1. Karthik says:

    a very fair analysis of the match i should say. Even I thout it was going to be another teary Wimbledon for Federer. But he was calm as ever and eventually prevailed over vastly improved Roddick.

  2. Arun says:

    aptly titled post da….wish roddick had won it though :(….i just love the energy he brings with him….btw from when did u start watching tennis ??

  3. vinayvasan says:

    @arun: It was like though u wanted Federer to win, half of you was rooting for Roddick. Its a shame that there are no draws in tennis. I have been watching tennis from the time DD was broadcasting it. I guess DD used to broadcast semis n finals. The first match I remember watching is somewhere in 94-95 wherein I watched Sampras winning a title beating the ever grunting baseline slugger named Jim Courier

    @karthik: lets hope that Roddick wins another title. The way Roger and Rafa have been going, it seems impossible for anyone to get a look in

  4. Arun says:

    well u can say its more like 51-49….i love federer for the grace he brings to the game and i wanted him to complete 15 titles, but, roddick has been one of my favourites….he s improved immensely as u have said and this was his chance….newaz….really wish he comes back with the same gutso next year….ur interest in tennis is reflected in ur post…nice work 🙂

  5. vinayvasan says:

    @arun: What to do I am a sports Junkie :P..Right from May, it has been a wild sports ride with IPL, World t20, NBA Conference Finals, UEFA, Premier League, Alternate weeks of F-1, French Open and Wimbledon and now finally, the Ashes.. I think I might hv missed something out 😛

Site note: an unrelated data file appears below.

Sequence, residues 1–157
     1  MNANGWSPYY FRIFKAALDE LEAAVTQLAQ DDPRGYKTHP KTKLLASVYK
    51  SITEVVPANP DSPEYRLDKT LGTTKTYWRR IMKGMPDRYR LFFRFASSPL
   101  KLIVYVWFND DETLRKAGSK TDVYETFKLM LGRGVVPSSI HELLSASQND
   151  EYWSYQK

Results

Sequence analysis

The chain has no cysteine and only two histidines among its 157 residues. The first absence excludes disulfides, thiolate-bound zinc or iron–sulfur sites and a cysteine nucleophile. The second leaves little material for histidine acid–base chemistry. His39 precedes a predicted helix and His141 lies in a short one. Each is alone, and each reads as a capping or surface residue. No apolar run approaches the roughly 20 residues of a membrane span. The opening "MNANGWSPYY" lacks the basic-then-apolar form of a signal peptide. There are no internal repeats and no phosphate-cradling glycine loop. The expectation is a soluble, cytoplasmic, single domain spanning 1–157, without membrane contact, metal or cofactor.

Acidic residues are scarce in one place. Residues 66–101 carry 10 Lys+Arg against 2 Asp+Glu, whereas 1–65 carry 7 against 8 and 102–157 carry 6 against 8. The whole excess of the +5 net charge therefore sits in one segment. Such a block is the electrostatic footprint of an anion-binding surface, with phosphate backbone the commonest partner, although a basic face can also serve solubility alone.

6. Abilash says:

    Good one Vinay. You are empathetic towards Andy Roddick, at the same time, your admiration for Roger didn’t come down a bit. Apt tile, i believe. Keep it up, you blogger.

  7. vinayvasan says:

    Thank you Thank you.. Well it was not diff considering it was a great match.. After all, as an audience thats what you want – a closely contested match

  8. Sundar Ganesh says:

    this was indeed a historic match as it created history. When considering someone to be the greates player ever, we have to look into their performance in all the surfaces. Considering that Sampras cant stand near Federer (Federer’s 4 consecutive Roland Garros Final, Sampras had reached Semifinal only once). Sampras played mostly Serve and Volley whereas Federer is an allround player. He started as a Serve and Volleyer but improved into a complete court coverer. I doubt that someone in future would be able to match Federer’s run of reaching atleast SF in 20 consecutive GrandSlams.

  9. Yasaswi says:

    I still vividly remember the final – both Federer’s game and Roddick’s inspired play are aptly described. Didn’t know you were such an ardent tennis fan as well – look forward to more such interesting conversations in the future!
    Looking at the date of your post, I’d say this is probably one of the earliest prognoses of Federer’s impending “lack-of-motivation” problem.